1.2m Rohingyas entered BD since 1942
At least 1.2 million Rohingyas are now in Bangladesh since they began fleeing Rakhine State in the face of persecution that started in 1942 against the Muslim minority, locals said.
With the latest exodus to escape the fresh wave of shooting and arson attacks by Myanmar soldiers and Buddhist monks, as many as 400,000 men, women and children have crossed over to Bangladesh in the last two weeks.
UNCHR however, estimates that only 32,000 Rohingya refugees are living in Bangladesh legally.
Meanwhile, the government says that some 500,000 Rohingyas are now in the country.
According to UNCHR Bangladesh Office, at least 40,000 Rohingyas escaped to Bangladesh during Second World War in 1942. At least 236,599 entered the country from 1978 to 1992. Rohingyas numbering 150,000 crossed over to the country in 2012. At least 87,000 Rohingyas entered Bangladesh in 2016. Some 400,000 Rohingyas sought refuge in 2017 and the rest were brought to the country by their relatives.
Kazi Reazul Hoque Chairman of National Human Rights Commission said Myanmar's persecution was tantamount to genocide. "This genocide needs to be tried at the International Court if needed," he said during a press briefing at the Deputy Commissioner's office in Cox's Bazar.
"The killing, arson, torture and rape of Rohingyapeople by the Myanmar military and border guards is unprecedented in the history of the world," he added.
He made the statement after visiting Rohingya refugees at registered and unregistered camps in Ukhiya and Teknaf upazilas of Cox's Bazar.
"The Rakhine State of Myanmar is a place of abundant natural resources and thus superpowers have their eyes on it," Reazul said.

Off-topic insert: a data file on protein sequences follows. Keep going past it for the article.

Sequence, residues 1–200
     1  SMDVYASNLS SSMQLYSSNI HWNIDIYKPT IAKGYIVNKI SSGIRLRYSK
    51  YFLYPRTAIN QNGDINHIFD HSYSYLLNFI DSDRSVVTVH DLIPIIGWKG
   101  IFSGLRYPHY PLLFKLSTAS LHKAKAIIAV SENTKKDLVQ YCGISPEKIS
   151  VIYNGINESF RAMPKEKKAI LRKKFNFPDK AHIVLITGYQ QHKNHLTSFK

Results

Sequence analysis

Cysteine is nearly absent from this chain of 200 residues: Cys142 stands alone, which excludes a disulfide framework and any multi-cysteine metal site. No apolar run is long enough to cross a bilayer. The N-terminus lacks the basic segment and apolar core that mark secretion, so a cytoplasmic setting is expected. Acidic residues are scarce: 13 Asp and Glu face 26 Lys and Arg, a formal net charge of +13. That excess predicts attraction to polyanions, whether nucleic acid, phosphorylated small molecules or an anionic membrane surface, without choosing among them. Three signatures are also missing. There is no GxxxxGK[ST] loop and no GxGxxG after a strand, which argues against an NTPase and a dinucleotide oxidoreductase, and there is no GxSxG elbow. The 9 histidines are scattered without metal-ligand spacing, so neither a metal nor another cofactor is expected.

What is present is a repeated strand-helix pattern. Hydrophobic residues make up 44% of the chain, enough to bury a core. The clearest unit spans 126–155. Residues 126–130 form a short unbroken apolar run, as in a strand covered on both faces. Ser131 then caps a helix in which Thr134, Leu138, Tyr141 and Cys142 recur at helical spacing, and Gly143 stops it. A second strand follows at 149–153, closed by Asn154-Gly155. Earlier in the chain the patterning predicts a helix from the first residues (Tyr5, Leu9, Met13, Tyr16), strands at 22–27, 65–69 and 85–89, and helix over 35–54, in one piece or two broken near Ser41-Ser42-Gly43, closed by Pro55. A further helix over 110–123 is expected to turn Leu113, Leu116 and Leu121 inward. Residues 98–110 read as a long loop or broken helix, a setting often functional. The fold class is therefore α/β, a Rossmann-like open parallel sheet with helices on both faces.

These superpowers want to take control of it and that is why they are trying to eliminate the Rohingya people, Reazul added.
Myanmar border guards and military are continuing the barbaric torture and attacks on the Rohingya people and the international community needs to take quick action and exert pressure on the Myanmar government, he said.
United Nations, Organisation of Islamic Cooperation and Association of Southeast Asian Nations have to address this problem, he added.
"Neighbours India and China also have to address this crisis," Reazul said. National Human Rights Commission member Nurun Nahar Osmani and Additional Deputy Commissioner Anwarul Naser were also present at the briefing.
The government has mobilised 24 medical teams to treat Rohingyas as public health facilities appeared inadequate in southeastern region bordering Myanmar with continued surges of refugees, said an official on Monday.
"We have so far sent 24 mobile medical teams for them . . . 21 of them are in Cox's Bazar and the three others are operating in Bandarban as part of Ministry of Health initiatives for the hapless Rohingyas," he said.
Health Minister Mohammad Nasim said in line with Prime Minister Sheikh Hasina's directives his ministry had decided to provide the maximum possible medical services to the refugees 'within our limited resources considering it a humanitarian issue'.
Bangladesh has moved to start collecting biometric details of Rohingya refugees, who have fled from Myanmar's western state of Rakhine.
The local administration in Cox's Bazar said on Monday that they have set up two booths, one at the Kutupalong refugee camp and the other at the new makeshift camp on the Balukhali Hills.
"The booths aim to collect data from 12,000 refugees," Executive Magistrate AKM Lutfur Rahman told the Daily Observer.
He said 17 booths would be set up in the Rohingya settlements across the district to collect details of the new arrivals and existing refugees.
The Department of Immigration and Passports is in charge of the project.
Fingerprints and pictures of the Rohingyas will be stored, said the project's Deputy Director Lt Col Shafiul Azam.
"We will also record their Myanmar addresses and when they entered Bangladesh," he said adding the refugees would be given ID cards, which they can use to access all kinds of support.